That there is some domestic politics involved in the Modi government’s handout to Kerala, as opposed to the massive amount required, is quite obvious. The refusal by the centre to accept the Rs 700 crore offered by the UAE government has become a public controversy after Prime Minister Modi thanked the UAE for its “generous offer” and then had the Ministry of External Affairs turn it down. UAE Prime Minister Mohammed bin Rashid al Maktoum had tweeted—in Malayalam and English—urging “everyone to donate generously” towards relief efforts in Kerala. The same day, Modi tweeted: “A big thanks to @hhshkmohd for his gracious offer to support people of kerala during this difficult time. His concern reflects the special ties between governments and people of india and UAE.”

Now, the centre is falling back on a policy formulated after the 2004 tsunami of not accepting foreign assistance for natural disasters on the grounds that it has the ability and resources to respond to emergency requirements. However, the Kerala crisis is unprecedented and the devastation so horrific that not to accept help from countries like the UAE which have a large number of workers, managers and entrepreneurs from Kerala, seems churlish and smacks of petty politics involving a non-BJP ruled state. Now, the Indian mission in the UAE has urged that donations be given in cash directly to the Kerala chief minister’s disaster relief fund.

THE GDP BATTLE

Statistics are used the way a drunk uses a lamppost—for support rather than illumination—which explains why the government has moved so swiftly to suppress a report which showed higher growth under the UPA than in any of the NDA years. The report appeared last week on the website of the Ministry of Statistics and Programme Implementation, and immediately triggered a verbal battle between the BJP and the Congress.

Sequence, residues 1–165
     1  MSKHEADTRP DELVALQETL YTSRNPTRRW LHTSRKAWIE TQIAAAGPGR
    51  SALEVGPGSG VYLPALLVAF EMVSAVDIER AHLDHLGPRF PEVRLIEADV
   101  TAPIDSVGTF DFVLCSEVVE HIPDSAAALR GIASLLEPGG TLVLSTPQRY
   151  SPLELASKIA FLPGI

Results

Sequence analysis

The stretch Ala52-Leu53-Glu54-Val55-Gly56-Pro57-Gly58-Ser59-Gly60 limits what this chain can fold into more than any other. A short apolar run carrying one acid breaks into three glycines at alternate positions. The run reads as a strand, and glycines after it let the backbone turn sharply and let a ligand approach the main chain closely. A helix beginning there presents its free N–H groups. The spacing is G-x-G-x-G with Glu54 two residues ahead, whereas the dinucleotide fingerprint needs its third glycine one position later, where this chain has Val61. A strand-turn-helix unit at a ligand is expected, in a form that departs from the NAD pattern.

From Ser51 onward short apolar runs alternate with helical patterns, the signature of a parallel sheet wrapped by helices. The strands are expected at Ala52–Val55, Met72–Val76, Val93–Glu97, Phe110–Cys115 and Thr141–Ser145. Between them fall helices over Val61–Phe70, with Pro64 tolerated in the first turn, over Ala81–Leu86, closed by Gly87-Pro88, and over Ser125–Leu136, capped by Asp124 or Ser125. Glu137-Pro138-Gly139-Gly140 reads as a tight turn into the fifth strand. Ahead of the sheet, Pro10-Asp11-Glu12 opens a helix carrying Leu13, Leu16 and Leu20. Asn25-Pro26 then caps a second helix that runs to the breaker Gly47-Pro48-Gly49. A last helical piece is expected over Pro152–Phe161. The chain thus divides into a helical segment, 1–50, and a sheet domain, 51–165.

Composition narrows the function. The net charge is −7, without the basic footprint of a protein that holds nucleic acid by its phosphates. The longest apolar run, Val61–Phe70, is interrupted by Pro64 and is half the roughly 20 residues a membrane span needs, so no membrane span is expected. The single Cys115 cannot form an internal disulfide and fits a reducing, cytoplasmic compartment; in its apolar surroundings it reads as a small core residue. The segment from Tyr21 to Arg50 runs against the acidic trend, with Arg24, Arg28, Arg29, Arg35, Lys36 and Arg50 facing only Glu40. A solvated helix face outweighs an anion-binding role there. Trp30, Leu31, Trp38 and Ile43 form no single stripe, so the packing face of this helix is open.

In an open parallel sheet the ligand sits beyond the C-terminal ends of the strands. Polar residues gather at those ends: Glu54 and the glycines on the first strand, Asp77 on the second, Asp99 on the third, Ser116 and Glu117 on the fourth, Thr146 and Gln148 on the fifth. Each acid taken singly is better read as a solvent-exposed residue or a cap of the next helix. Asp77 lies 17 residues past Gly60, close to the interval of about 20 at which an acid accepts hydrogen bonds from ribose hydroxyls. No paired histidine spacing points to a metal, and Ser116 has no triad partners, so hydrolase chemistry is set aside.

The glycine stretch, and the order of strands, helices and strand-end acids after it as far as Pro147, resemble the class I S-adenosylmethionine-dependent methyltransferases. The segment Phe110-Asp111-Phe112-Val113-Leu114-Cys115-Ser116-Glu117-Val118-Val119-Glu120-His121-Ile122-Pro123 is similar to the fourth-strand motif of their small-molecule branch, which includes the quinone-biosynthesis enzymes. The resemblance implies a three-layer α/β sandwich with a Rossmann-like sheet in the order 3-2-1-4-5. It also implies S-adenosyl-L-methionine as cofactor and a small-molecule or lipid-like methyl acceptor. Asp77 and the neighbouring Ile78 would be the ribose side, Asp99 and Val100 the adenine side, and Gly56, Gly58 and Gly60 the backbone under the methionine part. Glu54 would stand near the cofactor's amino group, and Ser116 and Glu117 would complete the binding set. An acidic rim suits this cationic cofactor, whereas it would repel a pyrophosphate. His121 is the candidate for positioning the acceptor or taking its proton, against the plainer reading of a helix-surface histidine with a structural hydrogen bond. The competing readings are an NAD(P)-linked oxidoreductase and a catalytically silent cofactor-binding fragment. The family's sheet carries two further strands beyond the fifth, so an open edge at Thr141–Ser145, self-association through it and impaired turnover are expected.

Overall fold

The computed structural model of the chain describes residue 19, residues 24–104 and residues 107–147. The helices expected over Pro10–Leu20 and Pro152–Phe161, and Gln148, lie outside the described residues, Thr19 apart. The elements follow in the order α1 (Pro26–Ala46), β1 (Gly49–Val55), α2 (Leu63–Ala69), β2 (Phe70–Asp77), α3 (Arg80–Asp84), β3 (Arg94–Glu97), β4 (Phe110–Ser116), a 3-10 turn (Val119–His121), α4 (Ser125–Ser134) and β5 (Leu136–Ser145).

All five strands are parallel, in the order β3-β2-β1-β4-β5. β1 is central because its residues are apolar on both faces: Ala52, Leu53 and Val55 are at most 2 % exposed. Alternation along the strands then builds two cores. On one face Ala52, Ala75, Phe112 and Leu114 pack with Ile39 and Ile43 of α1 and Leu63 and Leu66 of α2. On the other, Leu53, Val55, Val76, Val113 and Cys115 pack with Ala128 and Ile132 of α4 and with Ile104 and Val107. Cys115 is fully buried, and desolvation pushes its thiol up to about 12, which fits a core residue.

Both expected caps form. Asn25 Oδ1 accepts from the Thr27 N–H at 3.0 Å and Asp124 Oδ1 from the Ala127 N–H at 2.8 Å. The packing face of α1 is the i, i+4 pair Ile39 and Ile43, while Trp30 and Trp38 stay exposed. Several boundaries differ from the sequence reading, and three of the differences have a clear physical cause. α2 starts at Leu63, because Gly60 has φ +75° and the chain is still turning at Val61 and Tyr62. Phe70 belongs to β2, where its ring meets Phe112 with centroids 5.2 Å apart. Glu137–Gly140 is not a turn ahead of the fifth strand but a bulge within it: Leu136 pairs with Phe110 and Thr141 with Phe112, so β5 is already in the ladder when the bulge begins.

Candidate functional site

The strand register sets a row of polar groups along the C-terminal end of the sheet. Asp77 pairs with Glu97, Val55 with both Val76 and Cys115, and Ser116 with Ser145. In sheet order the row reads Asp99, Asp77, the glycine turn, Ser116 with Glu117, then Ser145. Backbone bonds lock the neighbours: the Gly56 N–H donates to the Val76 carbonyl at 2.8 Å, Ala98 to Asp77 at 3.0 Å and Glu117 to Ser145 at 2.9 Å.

The back series report prepared by a government-backed panel under economist Sudipto Mundle, concluded that India grew at a record 10.8 percent in 2010-11 when Dr Manmohan Singh was prime minister. It compared growth rates between the old series, 2004-05, and the new series based on 2011-12 prices.

Once the cat was out of the bag, the PMO called the ministry which hastily removed the report from its website. The PMO followed up with a note saying the official line was that the report was only a draft and “should not be quoted anywhere”. The report is now only visible in the “Draft Report” section of the National Statistical Commission, and government spokesmen are quick to dismiss it as the personal views of Mundle. In an interview after the storm broke, Mundle defended the report and said it was a committee report, not his personal view.

The Sidhu Googly